We want to know that we matter. And when we do not, the veneer of good will falls away. And the result is enormously destructive. I will give it a name much too benign, but I would be heartened if we aspired merely to its opposite. The name in incivility.

Here is what happened with Rabbi Eliezer.

Rabbi Akiva said, "I will go, for if someone goes who is not fit for the task and tells him, the entire world will be destroyed." What did R. Akiva do? He dressed in black and cloaked himself in black, and he sat down before him at a distance of four cubits [about six or eight feet]. Rabbi Eliezer said to him, "Akiva, what is going on today?" He replied, "My master, it seems to me that your colleagues have separated from you."

As gently as he could manage, Rabbi Akiva informed his teacher that he had been expelled.

[Rabbi Eliezer] tore his garments and removed his shoes, slid off of his stool and sat on the ground. Tears rushed from his eyes. A third of the olives, a third of the wheat and a third of the barley in the world [was ruined], and some say even the dough in a woman's hands spoiled.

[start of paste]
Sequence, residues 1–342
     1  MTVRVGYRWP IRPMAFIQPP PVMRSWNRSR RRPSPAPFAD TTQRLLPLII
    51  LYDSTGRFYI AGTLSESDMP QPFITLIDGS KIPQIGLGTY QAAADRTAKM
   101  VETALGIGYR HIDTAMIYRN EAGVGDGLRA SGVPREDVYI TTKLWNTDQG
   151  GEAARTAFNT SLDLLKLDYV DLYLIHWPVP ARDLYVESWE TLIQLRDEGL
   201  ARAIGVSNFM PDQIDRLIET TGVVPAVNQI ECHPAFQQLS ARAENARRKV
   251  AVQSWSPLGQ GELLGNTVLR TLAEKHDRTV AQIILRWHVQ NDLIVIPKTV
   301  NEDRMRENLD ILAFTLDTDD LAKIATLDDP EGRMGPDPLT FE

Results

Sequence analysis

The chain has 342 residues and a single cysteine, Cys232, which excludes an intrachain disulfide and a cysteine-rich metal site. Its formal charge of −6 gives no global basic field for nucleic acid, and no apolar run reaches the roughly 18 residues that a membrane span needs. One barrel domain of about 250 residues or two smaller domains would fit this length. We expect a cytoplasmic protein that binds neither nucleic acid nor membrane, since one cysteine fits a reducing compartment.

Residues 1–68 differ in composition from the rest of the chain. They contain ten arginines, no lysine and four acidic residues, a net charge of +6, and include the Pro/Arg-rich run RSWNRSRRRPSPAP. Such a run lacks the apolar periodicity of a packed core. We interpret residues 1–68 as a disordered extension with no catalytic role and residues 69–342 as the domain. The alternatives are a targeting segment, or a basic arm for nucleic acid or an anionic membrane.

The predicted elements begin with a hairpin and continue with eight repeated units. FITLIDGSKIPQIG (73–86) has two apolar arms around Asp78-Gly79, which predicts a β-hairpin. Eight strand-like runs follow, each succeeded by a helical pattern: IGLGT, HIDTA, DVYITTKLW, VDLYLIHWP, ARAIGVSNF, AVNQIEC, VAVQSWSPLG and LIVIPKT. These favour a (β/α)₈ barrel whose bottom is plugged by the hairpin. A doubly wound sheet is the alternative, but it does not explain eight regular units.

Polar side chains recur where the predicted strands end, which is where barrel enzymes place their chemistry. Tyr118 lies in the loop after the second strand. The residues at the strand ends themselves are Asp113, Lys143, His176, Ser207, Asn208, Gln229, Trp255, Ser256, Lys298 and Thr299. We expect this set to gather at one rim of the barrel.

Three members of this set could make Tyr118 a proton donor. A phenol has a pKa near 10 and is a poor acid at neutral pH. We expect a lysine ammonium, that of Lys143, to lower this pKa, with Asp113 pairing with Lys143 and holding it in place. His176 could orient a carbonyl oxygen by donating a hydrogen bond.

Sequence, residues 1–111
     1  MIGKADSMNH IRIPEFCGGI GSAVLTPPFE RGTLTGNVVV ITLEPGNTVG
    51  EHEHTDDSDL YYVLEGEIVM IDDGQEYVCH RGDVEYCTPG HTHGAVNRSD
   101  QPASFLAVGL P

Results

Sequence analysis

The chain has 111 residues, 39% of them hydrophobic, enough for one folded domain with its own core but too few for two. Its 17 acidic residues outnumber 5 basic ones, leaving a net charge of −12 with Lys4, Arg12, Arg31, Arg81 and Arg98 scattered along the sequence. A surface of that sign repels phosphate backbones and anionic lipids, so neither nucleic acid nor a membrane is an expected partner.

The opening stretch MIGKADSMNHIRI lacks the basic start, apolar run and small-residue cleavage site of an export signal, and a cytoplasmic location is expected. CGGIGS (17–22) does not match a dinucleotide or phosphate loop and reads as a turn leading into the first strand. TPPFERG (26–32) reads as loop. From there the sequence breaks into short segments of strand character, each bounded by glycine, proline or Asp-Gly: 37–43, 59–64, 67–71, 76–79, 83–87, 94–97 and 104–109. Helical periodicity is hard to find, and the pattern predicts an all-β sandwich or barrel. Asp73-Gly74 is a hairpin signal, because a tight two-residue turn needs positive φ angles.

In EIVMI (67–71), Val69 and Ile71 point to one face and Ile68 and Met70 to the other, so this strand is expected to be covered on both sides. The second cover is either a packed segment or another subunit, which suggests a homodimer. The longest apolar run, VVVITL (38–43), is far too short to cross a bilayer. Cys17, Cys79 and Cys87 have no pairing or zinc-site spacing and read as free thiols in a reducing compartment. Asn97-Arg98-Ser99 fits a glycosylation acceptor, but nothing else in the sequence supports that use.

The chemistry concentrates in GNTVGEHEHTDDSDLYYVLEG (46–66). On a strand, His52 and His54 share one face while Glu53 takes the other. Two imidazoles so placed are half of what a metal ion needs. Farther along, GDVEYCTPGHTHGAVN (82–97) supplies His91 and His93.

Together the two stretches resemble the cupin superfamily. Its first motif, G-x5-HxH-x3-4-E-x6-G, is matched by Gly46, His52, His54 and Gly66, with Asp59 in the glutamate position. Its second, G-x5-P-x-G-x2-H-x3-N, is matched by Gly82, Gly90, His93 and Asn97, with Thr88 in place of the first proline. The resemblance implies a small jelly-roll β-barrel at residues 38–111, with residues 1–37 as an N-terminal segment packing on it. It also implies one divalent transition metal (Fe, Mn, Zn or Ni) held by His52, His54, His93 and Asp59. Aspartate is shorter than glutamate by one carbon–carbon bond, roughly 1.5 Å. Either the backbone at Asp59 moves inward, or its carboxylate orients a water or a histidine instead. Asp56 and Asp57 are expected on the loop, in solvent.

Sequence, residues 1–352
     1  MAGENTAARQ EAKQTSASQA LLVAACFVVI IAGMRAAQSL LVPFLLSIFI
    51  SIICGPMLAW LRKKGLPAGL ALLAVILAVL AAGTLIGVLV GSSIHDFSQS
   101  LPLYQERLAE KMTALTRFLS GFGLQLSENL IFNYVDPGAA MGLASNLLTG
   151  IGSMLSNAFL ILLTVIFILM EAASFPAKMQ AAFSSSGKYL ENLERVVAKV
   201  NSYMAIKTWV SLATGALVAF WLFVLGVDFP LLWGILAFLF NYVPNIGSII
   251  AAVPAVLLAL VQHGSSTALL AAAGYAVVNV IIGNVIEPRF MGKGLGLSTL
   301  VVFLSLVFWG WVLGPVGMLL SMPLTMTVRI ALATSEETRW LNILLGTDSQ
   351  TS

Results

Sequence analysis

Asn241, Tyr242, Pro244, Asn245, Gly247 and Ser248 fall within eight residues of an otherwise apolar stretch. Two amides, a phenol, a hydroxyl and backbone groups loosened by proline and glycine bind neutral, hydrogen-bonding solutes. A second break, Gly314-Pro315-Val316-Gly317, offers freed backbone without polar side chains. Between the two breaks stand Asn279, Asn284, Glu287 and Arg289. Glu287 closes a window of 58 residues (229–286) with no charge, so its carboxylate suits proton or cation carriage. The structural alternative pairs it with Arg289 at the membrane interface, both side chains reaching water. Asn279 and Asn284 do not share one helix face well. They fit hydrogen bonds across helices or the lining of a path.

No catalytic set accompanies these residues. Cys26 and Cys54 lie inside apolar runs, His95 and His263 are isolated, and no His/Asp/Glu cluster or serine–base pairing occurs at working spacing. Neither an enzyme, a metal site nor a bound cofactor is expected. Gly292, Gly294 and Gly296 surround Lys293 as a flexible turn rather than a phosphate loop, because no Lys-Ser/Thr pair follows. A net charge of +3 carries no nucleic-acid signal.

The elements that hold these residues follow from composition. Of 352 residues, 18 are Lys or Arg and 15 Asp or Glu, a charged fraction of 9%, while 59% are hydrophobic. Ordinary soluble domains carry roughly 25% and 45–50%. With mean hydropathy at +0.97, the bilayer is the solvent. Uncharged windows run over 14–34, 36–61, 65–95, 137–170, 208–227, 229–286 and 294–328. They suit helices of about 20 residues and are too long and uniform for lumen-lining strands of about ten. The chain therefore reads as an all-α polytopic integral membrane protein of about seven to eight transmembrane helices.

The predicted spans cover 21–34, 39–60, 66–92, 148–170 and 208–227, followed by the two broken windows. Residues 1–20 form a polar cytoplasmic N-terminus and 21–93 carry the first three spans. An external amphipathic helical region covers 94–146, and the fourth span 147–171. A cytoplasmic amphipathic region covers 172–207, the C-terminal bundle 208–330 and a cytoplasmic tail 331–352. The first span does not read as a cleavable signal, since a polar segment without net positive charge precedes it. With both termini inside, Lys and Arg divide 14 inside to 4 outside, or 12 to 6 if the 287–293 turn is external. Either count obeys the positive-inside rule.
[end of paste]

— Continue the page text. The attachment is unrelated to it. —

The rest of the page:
Understand that it is the Talmud's way of telling us that the world suffered a loss of sustenance when disagreement gave way to disrespect. But before your sympathies for Rabbi Eliezer overcome you, here is the part I really need you to hear.

A great anger erupted that day. Every place Rabbi Eliezer cast his eyes went up in flames. It even happened that Rabban Gamliel [who was the presiding head of the Jewish community and R. Eliezer's brother-in-law] was coming in a boat and a storm came up to capsize him. He said, "It seems to me this is because of Rabbi Eliezer ben Hyrkanos." He stood up on his feet and said, "Sovereign of the universe! You know that I did not [agree to the expulsion] for my own honor or for the honor of my father's house, but for your honor, so that there would be less disagreement among the Jews!" The sea subsided.